pnmsmooth - smooth out an image


pnmsmooth [-width=cols] [-height=rows] [-dump=dumpfile] [pnmfile] [-size]

Minimum unique abbreviations of options is acceptable. You may use double hyphens instead of single hyphen to denote options. You may use white space in place of the equals sign to separate an option name from its value.


This program is part of Netpbm(1)

pnmsmooth smoothes out an image by replacing each pixel with the average of its width X height neighbors. It is implemented as a progam that generates a PGM convolution matrix and then invokes pnmconvol with it.


 These options specify the dimensions of the convolution matrix. Default dimensions are 3 wide and 3 high. Each dimension must be odd. The maximum size of the convolution matrix is limited by the maxval of the image such that width * height * 2 must not exceed the maxval. (use pamdepth to increase the maxval if necessary).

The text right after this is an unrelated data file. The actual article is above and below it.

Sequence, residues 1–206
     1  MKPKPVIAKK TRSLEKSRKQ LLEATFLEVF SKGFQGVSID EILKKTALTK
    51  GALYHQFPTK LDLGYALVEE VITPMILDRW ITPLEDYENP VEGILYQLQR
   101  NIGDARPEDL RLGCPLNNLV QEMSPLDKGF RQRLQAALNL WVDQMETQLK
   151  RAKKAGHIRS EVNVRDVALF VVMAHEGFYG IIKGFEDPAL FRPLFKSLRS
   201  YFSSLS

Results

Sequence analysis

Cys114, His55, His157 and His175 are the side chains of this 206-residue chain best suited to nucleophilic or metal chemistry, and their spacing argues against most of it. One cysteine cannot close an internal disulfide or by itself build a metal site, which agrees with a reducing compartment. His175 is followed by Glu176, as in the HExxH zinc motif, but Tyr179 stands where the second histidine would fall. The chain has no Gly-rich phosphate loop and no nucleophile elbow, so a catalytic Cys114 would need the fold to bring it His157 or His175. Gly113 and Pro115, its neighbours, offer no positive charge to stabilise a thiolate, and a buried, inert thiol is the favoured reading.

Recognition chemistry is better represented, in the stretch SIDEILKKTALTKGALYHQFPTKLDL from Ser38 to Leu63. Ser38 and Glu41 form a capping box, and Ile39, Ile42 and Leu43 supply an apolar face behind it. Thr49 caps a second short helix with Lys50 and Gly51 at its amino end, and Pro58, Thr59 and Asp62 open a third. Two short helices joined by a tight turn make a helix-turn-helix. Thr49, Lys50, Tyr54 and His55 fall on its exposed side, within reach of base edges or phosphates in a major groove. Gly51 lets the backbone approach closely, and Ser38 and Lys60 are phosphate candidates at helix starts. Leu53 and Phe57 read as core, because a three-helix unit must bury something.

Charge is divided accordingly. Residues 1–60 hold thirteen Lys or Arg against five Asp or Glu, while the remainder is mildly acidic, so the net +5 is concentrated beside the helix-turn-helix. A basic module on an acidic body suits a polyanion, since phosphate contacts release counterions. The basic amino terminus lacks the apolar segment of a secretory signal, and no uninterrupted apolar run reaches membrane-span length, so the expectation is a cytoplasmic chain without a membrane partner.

These options were new in Netpbm 10.32 (February 2006). Before that, use -size.

-size This deprecated option exists in current Netpbm for backward compatibility. It was obsoleted by -width and -height in Netpbm 10.32 (February 2006).

When you use this option, the first two program arguments are the width and height, respectively, of the convolution matrix and do the same thing as the -width and -height option values. The third (optional) program argument is the input file name.

In reality, in old pnmsmooth, the width and height are two values of the -size option, but the modern Netpbm command syntax paradigm doesn’t allow an option with multiple values, so instead -size is an option with no value and width and height are program arguments. That has the fortunate effect of making the following command mean the same in current pnmsmooth as in old pnmsmooth:

     pnmsmooth -size 5 5 infile.ppm >outfile.ppm

 This options makes pnmsmooth only generate and save the convolution file. It does not invoke pnmconvol and does not produce an output image.


pnmconvol(1) , pnm(5)


Before Netpbm 10.32 (February 2006), pnmsmooth did not use the modern Netpbm command line parser, so had an unconventional command line syntax. Most importantly, you could not use an equal size or double hyphens in the options.

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